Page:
|Buyid Emir of Iraq|
|Spouse||Daughter of Lashkarwarz|
Izz al-Dawla was born as Bakhtiyar, and was the son of Mu'izz al-Dawla. He also had three brothers named Sanad al-Dawla, Marzuban and Abu Ishaq Ibrahim. Bakhtiyar, during his early life, married a daughter of the Dailamite officer Lashkarwarz.
In the spring of 955, Mu'izz al-Dawla became very ill and decided to name his son as his successor. Five years later, the caliph officially recognized this by granting Bakhtiyar the title of "Izz al-Dawla". During his father's military expeditions, Izz al-Dawla ruled in Baghdad. Mu'izz al-Dawla died in 967, leaving behind several pieces of advice for his son. He recommended keeping the services of the Turkish commander Sebük-Tegin, respecting the wishes of the Turks, recognizing his uncle Rukn al-Dawla, who ruled northern Persia, as senior amir, and respecting his cousin 'Adud al-Dawla, who ruled from Fars. He also gave a strategy for dealing with the Hamdanid emir of Mosul, Abu Taghlib.
In 970, Izz al-Dawla, in order to end the hostilities between the Dailamites and Turks in his army, began to make several marriages with high ranking Turks to strengthen the Dailamite-Turkic relationship; his son Marzuban ibn Bakhtiyar married a daughter of Bukhtakin Azadruwayh, and his other son Salar married a daughter of Baktijur.
Izz al-Dawla continued his father's policy of fighting the Shahinids who ruled the Iraqi marshlands, but he was unable to overcome them. At the same time, he ignored the border with the Byzantine Empire, considering this to be a matter for the caliph to handle. When the Byzantines under John I Tzimisces overran much of northern Mesopotamia in 971, he did not even return to Baghdad. The person who took it upon himself to defend Iraq was Sebük-Tegin, who felt himself to be increasingly alienated from the Buyid. Two years later, Izz al-Dawla appointed Ibn Baqiyya as his vizier.
Izz al-Dawla also had financial problems; in 973 he invaded the Amirate of Mosul, against the advice his father had left him. The campaign was a disaster; the Hamdanids under Abu Taghlib marched on Baghdad, while Sebük-Tegin was probably secretly supporting them. The Buyid amir then tried to solve his financial difficulties by seizing the Turkish fiefs, most of which were in Khuzestan. At the same time, he dismissed Sebük-Tegin from his post. The Turk revolted, forcing Izz al-Dawla to entrench himself in Wasit. He rejected Sebük-Tegin's offer to relinquish Baghdad in exchange of southern Iraq. The Turk then marched on Wasit, and laid siege to the city.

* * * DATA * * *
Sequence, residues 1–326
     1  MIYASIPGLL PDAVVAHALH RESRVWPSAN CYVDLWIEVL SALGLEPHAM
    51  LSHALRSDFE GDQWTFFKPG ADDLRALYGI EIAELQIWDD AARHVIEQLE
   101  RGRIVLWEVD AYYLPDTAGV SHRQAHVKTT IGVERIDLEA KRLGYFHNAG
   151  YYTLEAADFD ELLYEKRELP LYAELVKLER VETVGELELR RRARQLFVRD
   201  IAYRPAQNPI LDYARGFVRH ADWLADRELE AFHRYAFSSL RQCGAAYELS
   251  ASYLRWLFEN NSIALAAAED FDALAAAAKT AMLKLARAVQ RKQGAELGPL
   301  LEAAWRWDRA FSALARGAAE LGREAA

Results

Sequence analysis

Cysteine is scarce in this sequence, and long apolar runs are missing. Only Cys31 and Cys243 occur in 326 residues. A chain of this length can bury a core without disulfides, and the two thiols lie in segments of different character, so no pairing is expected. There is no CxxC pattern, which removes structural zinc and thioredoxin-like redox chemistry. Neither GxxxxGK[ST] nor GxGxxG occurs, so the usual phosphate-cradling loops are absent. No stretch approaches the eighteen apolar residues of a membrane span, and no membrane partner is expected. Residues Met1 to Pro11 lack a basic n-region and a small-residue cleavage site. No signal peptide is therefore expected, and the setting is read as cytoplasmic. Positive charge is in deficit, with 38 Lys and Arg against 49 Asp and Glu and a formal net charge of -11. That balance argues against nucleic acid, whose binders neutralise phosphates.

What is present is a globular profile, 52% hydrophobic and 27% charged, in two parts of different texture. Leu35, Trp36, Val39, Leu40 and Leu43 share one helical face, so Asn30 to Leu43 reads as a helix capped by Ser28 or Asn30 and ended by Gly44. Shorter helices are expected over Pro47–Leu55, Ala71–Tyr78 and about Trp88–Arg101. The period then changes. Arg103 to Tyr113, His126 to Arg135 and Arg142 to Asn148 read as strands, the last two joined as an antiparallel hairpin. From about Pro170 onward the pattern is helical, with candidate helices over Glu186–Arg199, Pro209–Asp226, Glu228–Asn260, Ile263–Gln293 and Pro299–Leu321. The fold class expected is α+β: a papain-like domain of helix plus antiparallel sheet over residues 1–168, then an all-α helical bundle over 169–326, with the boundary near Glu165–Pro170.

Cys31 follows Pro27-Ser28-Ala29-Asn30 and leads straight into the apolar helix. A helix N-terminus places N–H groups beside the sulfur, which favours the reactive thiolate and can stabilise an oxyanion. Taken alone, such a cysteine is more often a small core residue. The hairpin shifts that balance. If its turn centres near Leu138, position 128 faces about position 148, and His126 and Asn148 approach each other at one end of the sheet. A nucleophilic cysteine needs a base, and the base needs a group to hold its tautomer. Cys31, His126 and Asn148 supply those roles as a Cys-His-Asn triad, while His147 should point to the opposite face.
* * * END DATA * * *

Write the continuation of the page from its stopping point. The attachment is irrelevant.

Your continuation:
At this point, Rukn al-Dawla ordered 'Adud al-Dawla to march on Wasit and relieve Izz al-Dawla. The choice of 'Adud al-Dawla was somewhat curious; he had earlier advocated the removal of Izz al-Dawla due to the latter's perceived incompetence, and had granted asylum to a brother of the Iraqi amir that had launched a failed rebellion in Basra. Despite this, 'Adud al-Dawla complied with the order, although he traveled as slow as possible in order to give Sebük-Tegin the chance to overpower Wasit.
Izz al-Dawla, however, managed to hold out, and Sebük-Tegin died during the siege. 'Adud al-Dawla therefore eventually decided to restore him in Baghdad. Shortly afterwards however, a revolt launched by Izz al-Dawla's Dailamite mercenaries gave 'Adud al-Dawla the opportunity to overthrow his cousin. Having done so, he would have ruled Iraq directly, but Rukn al-Dawla vehemently opposed this. Izz al-Dawla was therefore made 'Adud al-Dawla's viceroy to Iraq. The latter's departure for Shiraz prompted Izz al-Dawla to immediately revoke his subservience.
Civil war and death
Rukn al-Dawla died in 976, throwing the Buyid empire into chaos. Izz al-Dawla refused to recognize 'Adud al-Dawla's succession to the position of senior amir. He took new titles for himself, and married one of the caliph's daughters, signifying the caliph's assent to his policy. 'Adud al-Dawla then prepared to invade Iraq. Despite having prepared his army and his allies, Izz al-Dawla was defeated in Khuzestan in 977 and was forced to retreat to Wasit. There he raised a new army, but the two cousins then entered into negotiations. After a long while, Izz al-Dawla was granted freedom of passage to Syria, in exchange for a promise not to ally with the Hamdanids. When he broke that agreement, hostilities were resumed. Both Izz al-Dawla and the Hamdanids were defeated in Samarra in the spring of 978, and the Buyid was captured. He was put to death soon after with 'Adud al-Dawla's consent.
- Amedroz & Margoliouth 1921, p. 302.
- Bosworth (1975), p. 265
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- Kennedy (2004), pp. 272, 230
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|Buyid Amir (in Iraq)